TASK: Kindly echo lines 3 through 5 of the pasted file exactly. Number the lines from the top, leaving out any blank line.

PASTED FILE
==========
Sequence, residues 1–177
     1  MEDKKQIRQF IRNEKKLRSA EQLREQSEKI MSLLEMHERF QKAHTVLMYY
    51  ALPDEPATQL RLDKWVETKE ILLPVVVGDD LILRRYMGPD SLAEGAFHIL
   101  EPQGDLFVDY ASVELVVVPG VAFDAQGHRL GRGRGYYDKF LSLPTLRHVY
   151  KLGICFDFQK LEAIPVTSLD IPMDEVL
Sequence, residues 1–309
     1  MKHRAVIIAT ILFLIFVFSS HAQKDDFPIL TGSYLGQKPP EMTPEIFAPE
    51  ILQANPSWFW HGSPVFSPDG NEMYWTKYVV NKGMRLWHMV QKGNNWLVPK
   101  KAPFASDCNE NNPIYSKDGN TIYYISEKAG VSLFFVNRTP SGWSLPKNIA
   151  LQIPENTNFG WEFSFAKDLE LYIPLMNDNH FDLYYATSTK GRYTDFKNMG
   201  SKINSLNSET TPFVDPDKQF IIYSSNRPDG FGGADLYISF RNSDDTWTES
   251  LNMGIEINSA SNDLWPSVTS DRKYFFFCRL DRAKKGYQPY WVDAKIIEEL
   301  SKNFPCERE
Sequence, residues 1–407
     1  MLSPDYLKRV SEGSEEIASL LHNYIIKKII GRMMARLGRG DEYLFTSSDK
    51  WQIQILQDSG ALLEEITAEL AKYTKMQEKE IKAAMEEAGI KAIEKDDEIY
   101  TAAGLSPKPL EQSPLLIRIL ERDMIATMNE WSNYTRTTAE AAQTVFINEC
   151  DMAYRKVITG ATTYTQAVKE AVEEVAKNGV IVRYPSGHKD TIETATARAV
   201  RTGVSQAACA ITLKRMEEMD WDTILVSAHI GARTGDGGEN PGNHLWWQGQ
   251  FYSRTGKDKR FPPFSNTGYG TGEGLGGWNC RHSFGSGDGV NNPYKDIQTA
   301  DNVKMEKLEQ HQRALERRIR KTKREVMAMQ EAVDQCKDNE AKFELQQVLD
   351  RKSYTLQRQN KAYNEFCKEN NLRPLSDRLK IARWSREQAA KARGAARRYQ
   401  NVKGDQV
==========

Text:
    51  ALPDEPATQL RLDKWVETKE ILLPVVVGDD LILRRYMGPD SLAEGAFHIL
   101  EPQGDLFVDY ASVELVVVPG VAFDAQGHRL GRGRGYYDKF LSLPTLRHVY
   151  KLGICFDFQK LEAIPVTSLD IPMDEVL